Friday mystery object #163 answer

On Friday I gave you this object from the collections of the Horniman Museum to identify:

The specimen had lost its label at some point in the past, so I had to identify it myself and was hoping to get your opinion on what it might be.

When I first saw it I noticed an odd scar running diagonally across the top of the cranium, which made me wonder if it was some kind of marine bird with an odd salt glad. Then I realised that the scar indicated something else entirely, which gave me the clue I needed to make the identification.

It seems that most of you also noticed the scar and came to similar conclusions, so  23thorns, cackhandedkate, Ric Morris, Jake and Steven D. Garber all recognised it as a woodpecker of some sort and given the length of the skull rachel and henstridgesj arrived at the same conclusion about species as I did, which is the  Continue reading

Friday mystery object #162 answer

On Friday I gave you this interesting cranium to identify:

Everyone recognised it as belonging to a fish, but the species was a bit more difficult to identify. Nonetheless jackashby, hestridgesj, Ric Morris and Cody all correctly converged on it being from an  Continue reading

Friday mystery object #161 answer

On Friday I gave you this bird skull to identify:

Most of you managed to identify it pretty easily – Robin suggested something in the right family, while Ric Morris, henstridgesj, Matthew King and Jake all managed to work it out to species. This is the skull of a  Continue reading

Friday mystery object #161

Another bird skull for you to identify this week:

As usual I will do my best to respond to questions, comments and suggestions – please try to be cryptic if you think you know what it is, so other people can enjoy the challenge. Good luck!

Friday mystery object #160 answer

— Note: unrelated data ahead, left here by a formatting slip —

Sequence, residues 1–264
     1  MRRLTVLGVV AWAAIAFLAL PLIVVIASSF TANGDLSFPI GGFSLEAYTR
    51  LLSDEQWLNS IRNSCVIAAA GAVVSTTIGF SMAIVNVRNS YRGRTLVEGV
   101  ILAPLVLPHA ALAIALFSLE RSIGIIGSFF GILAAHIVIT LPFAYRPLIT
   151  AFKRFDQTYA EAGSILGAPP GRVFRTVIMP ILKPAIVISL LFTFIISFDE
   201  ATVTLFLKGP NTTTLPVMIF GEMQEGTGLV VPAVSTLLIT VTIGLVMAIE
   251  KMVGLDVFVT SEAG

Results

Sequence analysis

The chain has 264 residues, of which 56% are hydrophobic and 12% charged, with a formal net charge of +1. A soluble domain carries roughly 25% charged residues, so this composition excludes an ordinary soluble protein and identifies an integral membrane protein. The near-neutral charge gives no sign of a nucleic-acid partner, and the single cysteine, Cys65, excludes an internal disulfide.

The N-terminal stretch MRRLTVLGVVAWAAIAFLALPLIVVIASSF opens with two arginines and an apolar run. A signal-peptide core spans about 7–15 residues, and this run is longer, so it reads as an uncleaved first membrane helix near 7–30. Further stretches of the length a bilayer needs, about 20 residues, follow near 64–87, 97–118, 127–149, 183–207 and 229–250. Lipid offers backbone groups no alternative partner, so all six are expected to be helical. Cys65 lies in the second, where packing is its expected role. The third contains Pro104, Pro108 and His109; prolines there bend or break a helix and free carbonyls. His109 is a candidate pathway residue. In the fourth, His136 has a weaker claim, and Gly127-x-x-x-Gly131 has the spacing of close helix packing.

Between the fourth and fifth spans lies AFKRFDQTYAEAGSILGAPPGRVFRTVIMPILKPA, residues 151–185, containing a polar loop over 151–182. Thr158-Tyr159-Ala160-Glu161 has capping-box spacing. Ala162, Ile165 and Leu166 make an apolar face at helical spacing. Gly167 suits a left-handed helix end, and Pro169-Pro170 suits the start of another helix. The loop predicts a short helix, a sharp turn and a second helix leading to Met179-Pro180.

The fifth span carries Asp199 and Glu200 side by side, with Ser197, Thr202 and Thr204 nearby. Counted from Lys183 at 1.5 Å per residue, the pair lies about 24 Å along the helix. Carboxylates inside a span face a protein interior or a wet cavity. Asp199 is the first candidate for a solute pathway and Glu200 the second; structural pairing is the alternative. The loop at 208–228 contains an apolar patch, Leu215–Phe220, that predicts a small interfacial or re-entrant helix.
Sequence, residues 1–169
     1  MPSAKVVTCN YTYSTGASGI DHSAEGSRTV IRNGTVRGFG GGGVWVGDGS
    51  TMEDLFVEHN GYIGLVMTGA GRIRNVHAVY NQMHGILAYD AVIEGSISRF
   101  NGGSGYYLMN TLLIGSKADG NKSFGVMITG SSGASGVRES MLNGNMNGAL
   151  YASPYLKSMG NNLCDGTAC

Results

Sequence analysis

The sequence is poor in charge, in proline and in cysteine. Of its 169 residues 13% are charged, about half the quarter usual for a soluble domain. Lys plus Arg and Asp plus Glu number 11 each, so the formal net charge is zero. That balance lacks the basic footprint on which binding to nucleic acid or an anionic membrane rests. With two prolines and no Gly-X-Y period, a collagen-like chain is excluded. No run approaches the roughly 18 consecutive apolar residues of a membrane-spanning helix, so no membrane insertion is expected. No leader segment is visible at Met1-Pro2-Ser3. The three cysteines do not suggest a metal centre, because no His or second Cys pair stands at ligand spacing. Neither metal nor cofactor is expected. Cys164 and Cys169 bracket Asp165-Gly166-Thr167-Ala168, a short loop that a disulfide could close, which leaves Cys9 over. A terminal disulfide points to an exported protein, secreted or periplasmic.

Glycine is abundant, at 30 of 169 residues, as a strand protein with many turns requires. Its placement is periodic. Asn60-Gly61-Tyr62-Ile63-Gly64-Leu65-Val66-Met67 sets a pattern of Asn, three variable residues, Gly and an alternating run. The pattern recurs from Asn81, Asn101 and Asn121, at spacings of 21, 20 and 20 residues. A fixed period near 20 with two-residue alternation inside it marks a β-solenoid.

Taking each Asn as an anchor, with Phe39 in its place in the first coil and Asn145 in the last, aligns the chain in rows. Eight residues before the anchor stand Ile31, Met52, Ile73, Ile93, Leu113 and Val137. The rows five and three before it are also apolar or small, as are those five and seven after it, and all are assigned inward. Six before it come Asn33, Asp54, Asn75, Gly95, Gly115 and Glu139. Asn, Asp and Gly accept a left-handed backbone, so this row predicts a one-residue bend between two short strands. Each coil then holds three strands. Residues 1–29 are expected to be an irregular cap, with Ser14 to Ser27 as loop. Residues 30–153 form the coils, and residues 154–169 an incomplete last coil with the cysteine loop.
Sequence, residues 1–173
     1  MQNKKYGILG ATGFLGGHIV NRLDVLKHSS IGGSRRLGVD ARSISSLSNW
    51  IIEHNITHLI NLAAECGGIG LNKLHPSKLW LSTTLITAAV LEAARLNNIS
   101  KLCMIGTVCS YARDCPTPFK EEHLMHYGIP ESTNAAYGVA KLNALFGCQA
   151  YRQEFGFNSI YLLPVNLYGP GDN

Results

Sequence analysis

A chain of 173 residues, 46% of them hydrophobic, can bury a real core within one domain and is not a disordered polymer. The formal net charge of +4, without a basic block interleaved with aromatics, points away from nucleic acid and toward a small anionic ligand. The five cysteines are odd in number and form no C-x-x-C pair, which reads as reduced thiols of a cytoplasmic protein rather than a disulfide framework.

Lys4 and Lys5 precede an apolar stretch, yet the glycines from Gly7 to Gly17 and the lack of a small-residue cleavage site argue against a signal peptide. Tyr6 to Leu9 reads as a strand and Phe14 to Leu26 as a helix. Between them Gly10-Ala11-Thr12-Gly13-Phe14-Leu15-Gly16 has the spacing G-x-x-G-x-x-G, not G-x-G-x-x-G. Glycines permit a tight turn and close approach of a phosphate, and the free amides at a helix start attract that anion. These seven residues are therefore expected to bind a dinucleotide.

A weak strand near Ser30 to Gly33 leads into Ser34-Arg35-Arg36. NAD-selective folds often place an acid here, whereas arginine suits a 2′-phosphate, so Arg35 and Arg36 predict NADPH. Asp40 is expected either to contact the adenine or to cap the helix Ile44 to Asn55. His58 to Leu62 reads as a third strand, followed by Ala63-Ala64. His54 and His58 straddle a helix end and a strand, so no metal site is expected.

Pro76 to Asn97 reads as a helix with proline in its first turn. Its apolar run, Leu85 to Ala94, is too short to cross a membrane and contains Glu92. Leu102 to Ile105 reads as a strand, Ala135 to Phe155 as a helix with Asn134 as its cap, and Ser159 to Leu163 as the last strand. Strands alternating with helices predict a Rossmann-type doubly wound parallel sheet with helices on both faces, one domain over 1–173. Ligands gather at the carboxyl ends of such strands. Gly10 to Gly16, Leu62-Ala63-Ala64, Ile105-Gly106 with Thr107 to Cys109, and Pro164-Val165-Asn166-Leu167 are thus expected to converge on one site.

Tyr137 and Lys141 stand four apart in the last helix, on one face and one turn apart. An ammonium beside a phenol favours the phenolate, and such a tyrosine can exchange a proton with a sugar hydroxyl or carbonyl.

On Friday I gave you this distinctive looking bird skull to identify:

On Twitter and Facebook there were incorrect suggestions of Toucan and Flamingo, but in the comments here Ric Morris dropped a heavy hint at the correct species identification within 6 minutes of the mystery object being posted, with hestridgesj and 23thorns also getting the right species a little later.

This skull was listed in the Horniman’s 1934 Natural History register as Corvultur abyssinicus, a species name that to the best of my knowledge has never been scientifically recognised. But the name suggests a vulture-like corvid from Abyssinia – or what is now called Egypt. This information plus the distinctive size and shape of the skull and bill led me to surmise that the specimen is from a  Continue reading

Friday mystery object #159 answer

On Friday morning I gave you this skull to identify:

Then at lunchtime I added this image of the underside of the skull to make the task a bit more manageable:

Before the second image was added most people were thinking that the specimen was some sort of large rodent due to the pair of incisors in the mandible and the skull shape reminiscent of a Beaver. However, the second image shows the teeth in the upper jaw, clearly showing way too many incisors for the specimen to be a rodent, not to mention the fact it has canines and caniform premolars.